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Logo of nihpaAbout Author manuscriptsSubmit a manuscriptHHS Public Access; Author Manuscript; Accepted for publication in peer reviewed journal;
 
J Invest Surg. Author manuscript; available in PMC 2010 November 22.
Published in final edited form as:
J Invest Surg. 1990; 3(2): 115–118.
PMCID: PMC2989720
NIHMSID: NIHMS250034

Tube Choledochoureterostomy: A Simple Method for Bile Diversion

Abstract

A technique of bile diversion by tube choledochoureterostomy has been devised for the purpose of studying the role of bile in the intestinal absorption of drugs, This method was used in six dogs, No technical difficulties or major complications developed, as are inevitable with alternative methods, including external fistula.

Keywords: Bile, bile duct, pharmacokinetics, dogs

There have been many attempts to exclude the bile from the intestine to study the role of bile on the absorption of food or drugs. The usual method is creation of an external fistula. However, this method has several major disadvantages. The most important of them is the difficulty in carrying the animals for a long period without complications, such as development of infection and incomplete drainage.13

Another approach is anastomosis of the biliary tract to the urinary tract, allowing excretion of the bile into the urine. One method used to achieve this is choledochoureterostomy, and another is cholecystonephrostomy.

Choledochoureterostomy was first described in 1913.4 In this study, a right nephrectomy was performed, followed by anastomosis of the right ureter to the common bile duct directly. Half of the animals developed a major complication, such as rupture or stricture of the anastomosis.

Cholecystonephrostomy was first described in 1924.5 In this procedure, an anastomosis is performed directly between the gallbladder and the right renal pelvis. This method appears to have fewer complications but has not achieved widespread use because the operation is technically difficult.6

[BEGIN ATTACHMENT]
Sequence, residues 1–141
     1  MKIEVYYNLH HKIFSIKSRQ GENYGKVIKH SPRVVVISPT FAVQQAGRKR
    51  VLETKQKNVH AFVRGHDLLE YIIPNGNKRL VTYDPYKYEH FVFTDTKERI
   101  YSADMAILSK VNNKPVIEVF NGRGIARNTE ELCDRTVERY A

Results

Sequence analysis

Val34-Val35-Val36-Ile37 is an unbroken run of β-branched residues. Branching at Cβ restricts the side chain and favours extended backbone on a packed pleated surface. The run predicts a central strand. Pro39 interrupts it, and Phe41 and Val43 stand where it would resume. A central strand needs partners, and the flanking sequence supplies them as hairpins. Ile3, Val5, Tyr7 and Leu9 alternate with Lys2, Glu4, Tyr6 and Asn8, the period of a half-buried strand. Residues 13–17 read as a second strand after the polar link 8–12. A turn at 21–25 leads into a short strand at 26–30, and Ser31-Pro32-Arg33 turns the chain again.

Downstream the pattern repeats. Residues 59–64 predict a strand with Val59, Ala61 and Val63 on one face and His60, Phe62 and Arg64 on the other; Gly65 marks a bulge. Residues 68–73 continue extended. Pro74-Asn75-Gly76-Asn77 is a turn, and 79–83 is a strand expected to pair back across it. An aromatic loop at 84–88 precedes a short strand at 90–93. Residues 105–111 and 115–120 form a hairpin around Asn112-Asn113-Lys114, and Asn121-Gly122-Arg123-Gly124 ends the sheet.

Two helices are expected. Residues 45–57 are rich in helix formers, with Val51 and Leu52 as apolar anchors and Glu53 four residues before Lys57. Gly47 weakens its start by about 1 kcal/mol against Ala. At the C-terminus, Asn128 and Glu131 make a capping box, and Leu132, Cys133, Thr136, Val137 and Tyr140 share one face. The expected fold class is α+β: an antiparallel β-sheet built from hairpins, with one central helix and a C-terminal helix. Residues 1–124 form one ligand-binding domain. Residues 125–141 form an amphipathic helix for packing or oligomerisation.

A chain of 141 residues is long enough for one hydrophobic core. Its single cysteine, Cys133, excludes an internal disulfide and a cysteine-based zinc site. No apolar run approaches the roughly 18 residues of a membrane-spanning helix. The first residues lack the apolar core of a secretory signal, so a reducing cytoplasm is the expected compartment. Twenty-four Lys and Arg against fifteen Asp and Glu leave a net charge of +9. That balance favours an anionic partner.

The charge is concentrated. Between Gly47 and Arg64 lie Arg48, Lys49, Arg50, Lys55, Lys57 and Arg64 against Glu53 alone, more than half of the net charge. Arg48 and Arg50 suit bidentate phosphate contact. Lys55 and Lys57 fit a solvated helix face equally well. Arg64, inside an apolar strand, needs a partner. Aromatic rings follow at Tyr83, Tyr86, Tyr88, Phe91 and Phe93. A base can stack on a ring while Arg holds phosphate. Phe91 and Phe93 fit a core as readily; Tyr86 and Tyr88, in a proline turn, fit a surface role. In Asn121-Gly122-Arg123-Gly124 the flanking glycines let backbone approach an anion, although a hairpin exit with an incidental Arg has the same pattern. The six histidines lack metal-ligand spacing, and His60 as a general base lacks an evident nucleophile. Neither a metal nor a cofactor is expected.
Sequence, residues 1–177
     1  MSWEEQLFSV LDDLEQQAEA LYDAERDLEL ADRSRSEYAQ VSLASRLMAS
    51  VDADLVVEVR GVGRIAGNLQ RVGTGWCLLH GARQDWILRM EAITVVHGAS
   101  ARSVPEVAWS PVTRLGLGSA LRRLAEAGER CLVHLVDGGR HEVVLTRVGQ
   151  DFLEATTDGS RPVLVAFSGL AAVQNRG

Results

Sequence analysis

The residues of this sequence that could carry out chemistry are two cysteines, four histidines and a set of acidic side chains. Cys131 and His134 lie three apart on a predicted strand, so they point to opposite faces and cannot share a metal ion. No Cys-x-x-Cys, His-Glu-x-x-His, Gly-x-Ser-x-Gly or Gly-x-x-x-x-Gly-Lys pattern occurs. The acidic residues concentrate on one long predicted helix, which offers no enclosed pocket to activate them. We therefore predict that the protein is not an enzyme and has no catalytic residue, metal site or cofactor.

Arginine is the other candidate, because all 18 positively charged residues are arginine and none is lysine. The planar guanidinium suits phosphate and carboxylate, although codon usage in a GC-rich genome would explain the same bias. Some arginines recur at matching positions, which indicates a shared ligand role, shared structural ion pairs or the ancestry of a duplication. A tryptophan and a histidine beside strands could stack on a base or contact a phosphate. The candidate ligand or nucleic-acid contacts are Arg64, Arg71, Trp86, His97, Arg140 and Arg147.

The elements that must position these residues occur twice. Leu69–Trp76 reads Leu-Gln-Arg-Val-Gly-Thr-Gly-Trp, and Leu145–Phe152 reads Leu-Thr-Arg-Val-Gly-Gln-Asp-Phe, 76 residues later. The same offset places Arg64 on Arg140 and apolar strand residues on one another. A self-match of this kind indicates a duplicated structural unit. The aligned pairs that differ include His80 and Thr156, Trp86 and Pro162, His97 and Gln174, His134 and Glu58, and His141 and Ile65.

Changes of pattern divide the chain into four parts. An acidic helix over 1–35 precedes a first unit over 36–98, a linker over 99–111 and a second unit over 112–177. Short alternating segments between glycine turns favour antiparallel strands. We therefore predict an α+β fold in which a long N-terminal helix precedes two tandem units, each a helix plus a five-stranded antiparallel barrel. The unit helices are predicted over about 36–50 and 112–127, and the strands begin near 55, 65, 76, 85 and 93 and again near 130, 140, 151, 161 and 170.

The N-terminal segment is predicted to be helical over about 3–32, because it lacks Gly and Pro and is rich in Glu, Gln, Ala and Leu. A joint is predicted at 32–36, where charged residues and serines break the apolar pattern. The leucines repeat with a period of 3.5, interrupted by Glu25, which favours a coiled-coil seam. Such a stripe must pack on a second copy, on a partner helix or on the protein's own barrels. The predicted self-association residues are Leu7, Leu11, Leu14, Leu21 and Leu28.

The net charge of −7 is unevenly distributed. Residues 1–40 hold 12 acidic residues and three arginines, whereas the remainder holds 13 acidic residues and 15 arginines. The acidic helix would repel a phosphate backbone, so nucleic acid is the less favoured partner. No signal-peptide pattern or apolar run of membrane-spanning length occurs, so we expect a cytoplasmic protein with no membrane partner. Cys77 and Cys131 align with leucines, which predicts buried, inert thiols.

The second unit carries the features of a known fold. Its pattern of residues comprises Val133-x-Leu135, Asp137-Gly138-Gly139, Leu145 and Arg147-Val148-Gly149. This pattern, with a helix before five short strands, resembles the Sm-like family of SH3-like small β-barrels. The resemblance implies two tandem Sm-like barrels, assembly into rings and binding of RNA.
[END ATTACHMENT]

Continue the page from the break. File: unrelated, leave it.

Our method of tube choledochoureterostomy is easy to perform and provides uncomplicated long-term bile diversion without any technical complications.

Materials and Methods

Six female beagle dogs (9.5–12.3 kg) were used. The animals were allowed water but not food beginning the evening prior to the operation. General anesthesia was induced with intravenous sodium pentobarbiturate sodium (25 mg/kg) and maintained with oxygen, nitrous oxide, and halothane. A midline abdominal incision was made. The right kidney was freed from its bed, the pedicle was exposed, and the right renal artery, vein, and ureter were dissected free from surrounding tissue. The renal artery and vein were doubly ligated and divided. The ureter was divided at the level of ureteropelvic junction and the right kidney was removed. The bile duct was dissected and ligated at the level of the upper edge of the duodenum. A choledochostomy was made right above the ligation. One end of a 5- to 7-cm piece of polyurethane tubing (2.0 mm outside diam, 1.5 mm inside diam) was inserted through the choledochostomy toward the liver. This end of tubing was placed below the lowest hepatic branch and secured with 2-0 silk ligatures. The other end was inserted into the ureter 3 em distally and secured with 2-0 silk ligatures. The midline incision was then closed (Fig 1a and b), Postoperatively, Cephamandol 1 g im was given for 3 days, with the first dose given upon closing the wound. Serum GOT, GPT, total bilirubin, alkaline phosphatase, creatinine, and BUN were measured once a week. The urine mixed with bile was collected daily. The volume, total bilirubin, and cholesterol were measured. The animals were killed 33 days after the operation. Autopsy was performed, and cultures of the content in the bile duct and bladder were obtained.